The community split coincided with the move from KDE’s Subversion repository to git. The Krita painting application, the Kexi database manager, and dedicated mobile platform GUI files were not migrated into the KOffice git repository.[32][33][34]

KOffice 2.3, released 31 December 2010,[35] along with subsequent bugfix releases (2.3.1–2.3.3[3]) was still a collaborative effort of both the KOffice and Calligra development teams.[36] An interim release, KOffice 2.3.3, was released in 2011.[3]

Beginning with KOffice 2.4 the developers aimed to release new KOffice versions every six months in sync with [8] On October 22, 2012 KDE removed KOffice from their Quality Website Tools.[40]

As of 2014 KOffice was declared unmaintained by KDE.[41]


The last formally released version of KOffice included the following components:

KWord A word processor with style sheets and frame-support for DTP-style editing of complex layouts.
KSpread A spreadsheet application with multiple sheet support, templates and more than 100 mathematical formulae.
KPresenter A presentation program with image and effect support.
Kexi An integrated data management application, designed as a Microsoft Access or FileMaker competitor. It can be used for designing and implementing databases, inserting and processing data and performing queries. It has limited compatibility with the MS Access file format.
Kivio A programmable flowchart drawing program with dynamically loadable stencils. Developed by theKompany, which offered additional (non-free) stencils for sale.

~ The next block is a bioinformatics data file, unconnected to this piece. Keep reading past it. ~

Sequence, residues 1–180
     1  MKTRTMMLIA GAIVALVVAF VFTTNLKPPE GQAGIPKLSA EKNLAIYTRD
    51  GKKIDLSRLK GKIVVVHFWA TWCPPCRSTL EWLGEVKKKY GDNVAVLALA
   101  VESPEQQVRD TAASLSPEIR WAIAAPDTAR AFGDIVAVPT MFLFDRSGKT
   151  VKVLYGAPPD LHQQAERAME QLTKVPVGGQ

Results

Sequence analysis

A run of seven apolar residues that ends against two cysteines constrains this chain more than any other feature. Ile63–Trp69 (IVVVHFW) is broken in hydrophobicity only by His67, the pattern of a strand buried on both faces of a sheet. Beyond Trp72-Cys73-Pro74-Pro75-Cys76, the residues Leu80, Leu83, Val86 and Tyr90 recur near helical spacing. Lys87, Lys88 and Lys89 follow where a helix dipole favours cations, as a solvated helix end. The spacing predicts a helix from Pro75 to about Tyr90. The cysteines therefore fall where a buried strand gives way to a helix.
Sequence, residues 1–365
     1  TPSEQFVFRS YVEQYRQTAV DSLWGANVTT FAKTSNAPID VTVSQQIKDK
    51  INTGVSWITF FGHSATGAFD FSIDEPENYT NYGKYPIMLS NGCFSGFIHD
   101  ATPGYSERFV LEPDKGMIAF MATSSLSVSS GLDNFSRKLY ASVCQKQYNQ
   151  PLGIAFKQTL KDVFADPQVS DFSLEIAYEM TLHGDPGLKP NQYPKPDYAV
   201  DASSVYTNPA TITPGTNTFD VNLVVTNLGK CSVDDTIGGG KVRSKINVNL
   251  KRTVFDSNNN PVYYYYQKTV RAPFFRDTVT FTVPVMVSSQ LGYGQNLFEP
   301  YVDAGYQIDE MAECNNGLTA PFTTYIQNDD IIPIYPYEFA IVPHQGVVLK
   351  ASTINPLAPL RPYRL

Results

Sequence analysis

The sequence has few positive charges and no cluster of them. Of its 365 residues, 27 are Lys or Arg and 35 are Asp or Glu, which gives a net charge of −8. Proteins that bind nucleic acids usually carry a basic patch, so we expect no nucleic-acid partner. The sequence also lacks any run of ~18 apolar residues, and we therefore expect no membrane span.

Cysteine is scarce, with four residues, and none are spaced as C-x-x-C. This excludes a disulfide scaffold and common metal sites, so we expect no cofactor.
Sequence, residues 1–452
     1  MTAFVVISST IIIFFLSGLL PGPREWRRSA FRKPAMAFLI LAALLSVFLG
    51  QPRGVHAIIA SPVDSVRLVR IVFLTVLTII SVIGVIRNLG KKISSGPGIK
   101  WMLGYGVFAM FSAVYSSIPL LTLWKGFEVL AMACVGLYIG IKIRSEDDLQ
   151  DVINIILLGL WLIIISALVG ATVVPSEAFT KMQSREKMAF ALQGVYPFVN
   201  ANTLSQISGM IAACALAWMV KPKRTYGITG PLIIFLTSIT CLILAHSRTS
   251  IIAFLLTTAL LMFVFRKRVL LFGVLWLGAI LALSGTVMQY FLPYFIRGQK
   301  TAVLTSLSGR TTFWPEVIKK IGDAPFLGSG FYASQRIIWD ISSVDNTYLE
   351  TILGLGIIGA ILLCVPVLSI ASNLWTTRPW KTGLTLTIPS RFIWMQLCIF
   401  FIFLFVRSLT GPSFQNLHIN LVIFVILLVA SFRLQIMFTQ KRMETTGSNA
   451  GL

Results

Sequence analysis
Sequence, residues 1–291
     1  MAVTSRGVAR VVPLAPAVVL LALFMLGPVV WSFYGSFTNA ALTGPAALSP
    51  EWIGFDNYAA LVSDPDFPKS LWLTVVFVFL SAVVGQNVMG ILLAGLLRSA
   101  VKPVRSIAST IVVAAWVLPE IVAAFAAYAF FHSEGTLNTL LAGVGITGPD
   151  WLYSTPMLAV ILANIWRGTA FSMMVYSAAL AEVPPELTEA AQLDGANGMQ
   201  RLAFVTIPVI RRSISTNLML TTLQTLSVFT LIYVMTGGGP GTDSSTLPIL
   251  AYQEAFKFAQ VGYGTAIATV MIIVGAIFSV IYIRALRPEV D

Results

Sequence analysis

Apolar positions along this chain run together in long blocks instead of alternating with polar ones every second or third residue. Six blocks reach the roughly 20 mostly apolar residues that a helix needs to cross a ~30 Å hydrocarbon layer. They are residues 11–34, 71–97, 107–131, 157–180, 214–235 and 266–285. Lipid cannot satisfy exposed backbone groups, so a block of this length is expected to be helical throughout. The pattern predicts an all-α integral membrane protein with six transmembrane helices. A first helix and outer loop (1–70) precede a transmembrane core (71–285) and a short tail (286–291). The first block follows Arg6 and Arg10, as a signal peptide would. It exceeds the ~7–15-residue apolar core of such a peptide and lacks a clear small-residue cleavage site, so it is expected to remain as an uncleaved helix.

Karbon14 A vector drawing application with a variety of drawing and editing tools – formerly known as Kontour and KIllustrator.[2]
Krita A digital painting program, with some image processing features – formerly known as Krayon and KImageshop.
Kugar and KChart Integrated report and chart generators.
KFormula An integrated mathematical formula editor.
KPlato A project management application that can create Gantt-style charts.

Technical details

KOffice applications are developed using Qt and KDE Platform. All its components are released under free software licenses and use OpenDocument as their native file format when possible. KOffice has been released separately from KDE SC 4 and can be downloaded from KDE’s FTP server.

KOffice 2 underwent a large overhaul to use the Flake system of components and Pigment color system, as much as possible within applications. KOffice developers planned to share as much infrastructure as possible between applications to reduce bugs and improve the user experience.[42] They also want to create an OpenDocument library for use in other KDE applications that will allow developers to easily add support for reading and outputting OpenDocument files to their applications.[43] Automating tasks and extending the suite with custom functionality can be done with D-Bus or with scripting languages like Python, Ruby, and JavaScript.[44]

See also

External links

  • Archived copy of the official web site at the Wayback Machine (archived August 21, 2012)
  • KOffice development home


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  7. ^ Archived copy of the official web site at the Wayback Machine (archived August 21, 2012)
  8. ^ a b Archived copy of the official website, showing a placeholder at the Wayback Machine (archived September 9, 2012)
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  44. ^ Kross Scripting Framework